The SIGPLAN 2012 Achievement award has been won by Matthias Felleisen, an exemplary researcher whose work covers theory, practice, and education, with each reinforcing the others. He has made fundamental contributions across the entire spectrum of the programming language field. He introduced evaluation contexts as a notation for specifying operational semantics, and progress-and-preservation proofs of type safety, both of which are used in scores of research papers each year, often without citation. His other contributions include small-step operational semantics for control and state, A-normal form, delimited continuations, mixin classes and mixin modules, a fully-abstract semantics for Sequential PCF, web programming techniques, higher-order contracts with blame, and static typing for dynamic languages.

2011: Sir Charles Antony Richard Hoare, FRS, FREng, FBCS


"Tony Hoare's long career in computing is studded with seminal engineering and scientific contributions to Programming Languages; his views on programming language design have been recognized as profound even by those who declined to follow his advice.

Two contributions stand out as fundamental: the development of what is now known as Hoare logic, and Communicating Sequential Processes. Hoare logic is a system for reasoning about imperative programs. It was introduced in the 1969 article "An Axiomatic Basic for Computer Programming", which is perhaps the most influential 6-page paper ever published in CACM. Drawing on earlier work of Robert Floyd, an entire sub-area of computer science has developed from Hoare's initial ideas; many modern verification systems build on Hoare logic.

Only 9 years later, CACM published Hoare's paper on Communicating Sequential Processes (CSP). Contemporary with Milner's CCS, but pursuing complementary goals, CSP has been enormously influential. It provided the basis for the occam programming language and its realization in the Transputer; it has been used for modeling and verifying the concurrency properties of critical software systems; and it inspired a flowering of subsequent concurrency research.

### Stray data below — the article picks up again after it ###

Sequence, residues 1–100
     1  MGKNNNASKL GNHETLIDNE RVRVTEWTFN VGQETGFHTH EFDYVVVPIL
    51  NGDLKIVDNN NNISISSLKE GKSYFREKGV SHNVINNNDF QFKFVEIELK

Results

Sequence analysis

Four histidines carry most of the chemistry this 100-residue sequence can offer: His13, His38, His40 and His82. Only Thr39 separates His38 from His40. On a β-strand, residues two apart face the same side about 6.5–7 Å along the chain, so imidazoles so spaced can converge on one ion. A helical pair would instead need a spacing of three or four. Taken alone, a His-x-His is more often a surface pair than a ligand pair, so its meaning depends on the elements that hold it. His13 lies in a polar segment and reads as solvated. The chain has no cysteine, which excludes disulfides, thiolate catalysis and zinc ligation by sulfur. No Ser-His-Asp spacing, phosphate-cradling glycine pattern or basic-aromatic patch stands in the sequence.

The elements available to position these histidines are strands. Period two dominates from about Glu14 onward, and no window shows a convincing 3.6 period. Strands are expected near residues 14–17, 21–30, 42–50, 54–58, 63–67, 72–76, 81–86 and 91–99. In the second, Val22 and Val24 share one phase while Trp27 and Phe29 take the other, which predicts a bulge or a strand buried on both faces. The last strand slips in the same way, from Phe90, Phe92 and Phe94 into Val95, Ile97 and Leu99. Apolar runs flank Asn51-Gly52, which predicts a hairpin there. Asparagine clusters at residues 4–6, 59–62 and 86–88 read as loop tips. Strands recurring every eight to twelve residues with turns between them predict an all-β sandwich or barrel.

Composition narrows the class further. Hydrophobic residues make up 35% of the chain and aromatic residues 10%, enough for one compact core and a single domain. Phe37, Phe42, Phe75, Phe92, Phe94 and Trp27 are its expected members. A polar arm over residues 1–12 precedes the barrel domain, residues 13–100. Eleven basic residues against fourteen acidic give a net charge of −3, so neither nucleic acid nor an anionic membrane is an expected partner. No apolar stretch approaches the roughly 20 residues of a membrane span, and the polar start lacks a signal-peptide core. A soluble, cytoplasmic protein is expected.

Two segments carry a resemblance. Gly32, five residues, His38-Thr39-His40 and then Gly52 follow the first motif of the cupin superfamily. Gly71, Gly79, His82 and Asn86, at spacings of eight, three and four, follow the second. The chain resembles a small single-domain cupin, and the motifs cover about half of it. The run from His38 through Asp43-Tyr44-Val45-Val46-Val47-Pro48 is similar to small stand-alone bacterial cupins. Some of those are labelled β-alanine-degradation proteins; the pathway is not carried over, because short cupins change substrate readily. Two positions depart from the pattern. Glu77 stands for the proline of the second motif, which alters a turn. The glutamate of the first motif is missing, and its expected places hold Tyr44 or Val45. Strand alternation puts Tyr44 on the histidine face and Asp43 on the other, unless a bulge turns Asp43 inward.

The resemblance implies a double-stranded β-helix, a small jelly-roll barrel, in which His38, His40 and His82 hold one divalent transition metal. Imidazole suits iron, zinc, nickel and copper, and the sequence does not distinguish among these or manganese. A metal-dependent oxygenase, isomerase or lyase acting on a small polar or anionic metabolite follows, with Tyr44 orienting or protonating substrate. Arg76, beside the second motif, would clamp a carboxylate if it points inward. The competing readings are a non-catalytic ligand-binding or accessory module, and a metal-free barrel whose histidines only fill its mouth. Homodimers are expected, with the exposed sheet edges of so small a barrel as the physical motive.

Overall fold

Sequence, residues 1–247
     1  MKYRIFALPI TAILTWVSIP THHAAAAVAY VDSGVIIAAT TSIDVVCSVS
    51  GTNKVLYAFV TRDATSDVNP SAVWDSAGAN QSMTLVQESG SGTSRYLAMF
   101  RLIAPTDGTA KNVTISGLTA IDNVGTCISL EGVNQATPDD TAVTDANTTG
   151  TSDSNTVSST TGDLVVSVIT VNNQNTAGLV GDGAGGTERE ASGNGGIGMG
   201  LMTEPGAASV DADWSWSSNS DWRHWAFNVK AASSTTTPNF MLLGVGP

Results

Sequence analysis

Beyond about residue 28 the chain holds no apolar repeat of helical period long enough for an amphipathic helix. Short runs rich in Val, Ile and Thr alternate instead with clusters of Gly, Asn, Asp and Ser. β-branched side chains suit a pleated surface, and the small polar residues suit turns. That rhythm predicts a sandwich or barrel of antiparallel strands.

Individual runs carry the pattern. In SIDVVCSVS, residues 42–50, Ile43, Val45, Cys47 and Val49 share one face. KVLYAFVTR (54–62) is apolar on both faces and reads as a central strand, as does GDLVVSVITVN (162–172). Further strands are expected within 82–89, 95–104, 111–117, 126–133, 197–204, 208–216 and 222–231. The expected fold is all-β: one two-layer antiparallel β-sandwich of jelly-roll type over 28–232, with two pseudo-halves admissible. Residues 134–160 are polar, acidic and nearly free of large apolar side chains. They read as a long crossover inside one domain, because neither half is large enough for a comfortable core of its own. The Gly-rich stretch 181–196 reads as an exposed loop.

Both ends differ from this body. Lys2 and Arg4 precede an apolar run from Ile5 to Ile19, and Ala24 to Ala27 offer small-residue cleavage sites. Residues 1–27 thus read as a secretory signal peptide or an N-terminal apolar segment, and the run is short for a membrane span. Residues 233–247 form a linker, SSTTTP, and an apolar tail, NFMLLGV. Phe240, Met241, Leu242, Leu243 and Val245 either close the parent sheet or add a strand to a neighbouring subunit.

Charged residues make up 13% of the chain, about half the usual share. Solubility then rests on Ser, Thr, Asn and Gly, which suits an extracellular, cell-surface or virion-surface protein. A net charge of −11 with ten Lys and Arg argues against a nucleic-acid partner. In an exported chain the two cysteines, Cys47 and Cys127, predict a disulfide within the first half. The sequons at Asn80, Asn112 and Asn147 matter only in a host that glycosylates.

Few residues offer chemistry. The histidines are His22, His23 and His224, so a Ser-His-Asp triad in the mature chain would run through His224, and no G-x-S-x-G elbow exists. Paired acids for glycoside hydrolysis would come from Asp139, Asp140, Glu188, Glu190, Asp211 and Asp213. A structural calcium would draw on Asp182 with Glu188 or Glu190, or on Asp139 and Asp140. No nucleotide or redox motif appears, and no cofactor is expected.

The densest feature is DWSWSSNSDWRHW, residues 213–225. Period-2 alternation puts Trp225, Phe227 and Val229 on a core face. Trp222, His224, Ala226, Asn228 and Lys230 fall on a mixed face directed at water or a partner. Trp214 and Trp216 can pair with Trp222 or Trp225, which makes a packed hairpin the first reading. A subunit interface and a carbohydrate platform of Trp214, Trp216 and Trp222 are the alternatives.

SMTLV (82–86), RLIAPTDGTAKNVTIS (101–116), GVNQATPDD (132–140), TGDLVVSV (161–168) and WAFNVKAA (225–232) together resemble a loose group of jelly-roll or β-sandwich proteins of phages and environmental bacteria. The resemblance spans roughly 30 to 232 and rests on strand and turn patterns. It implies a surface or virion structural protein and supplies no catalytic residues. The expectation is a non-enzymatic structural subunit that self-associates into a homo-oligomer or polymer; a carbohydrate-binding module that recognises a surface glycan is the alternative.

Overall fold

Although either of these contributions would alone justify the achievement award, Hoare is doing more with his Unifying Theories research, which aims to unify theories of programming across paradigm, abstraction level and semantic style. Beyond all of this, Tony is renowned for his unfailing courtesy, his inspiration, and his dedication to his chosen calling. He is the epitome of a scholar and a gentleman."

2010: Gordon D. Plotkin


"Professor Gordon D. Plotkin has made fundamental advances in almost every area of the theory of programming languages. His contributions have helped to establish the mathematical foundations on which the scientific study of programming languages are based. His 1975 paper "Call-by-name, Call-by-value, and the λ-calculus" exposed the relationship between the reduction semantics of the λ-calculus and its operational semantics, as defined by Landin's SECD machine.

2009: Rod Burstall


"Professor Rod Burstall has made deep, seminal contributions to the design of programming languages and the field of program verification.

2008: Barbara Liskov


"Professor Barbara Liskov has had tremendous impact on the fields of programming languages, operating systems, distributed systems, and information security. Much of her early research focus was on data abstraction, modularity, and encapsulation as typified by the CLU programming language.

Past Recipients of the Achievement Award

2007: Niklaus Wirth

2006: Ron Cytron, Jeanne Ferrante, Barry Rosen, Mark Wegman, and Kenneth Zadeck

2005: Erich Gamma, Richard Helm, Ralph Johnson, John Vlissides

2004: John Backus

2003: John Reynolds

2002: John McCarthy

2001: Robin Milner

2000: Susan Graham

1999: Ken Kennedy

1998: Fran Allen

1997: Guy Steele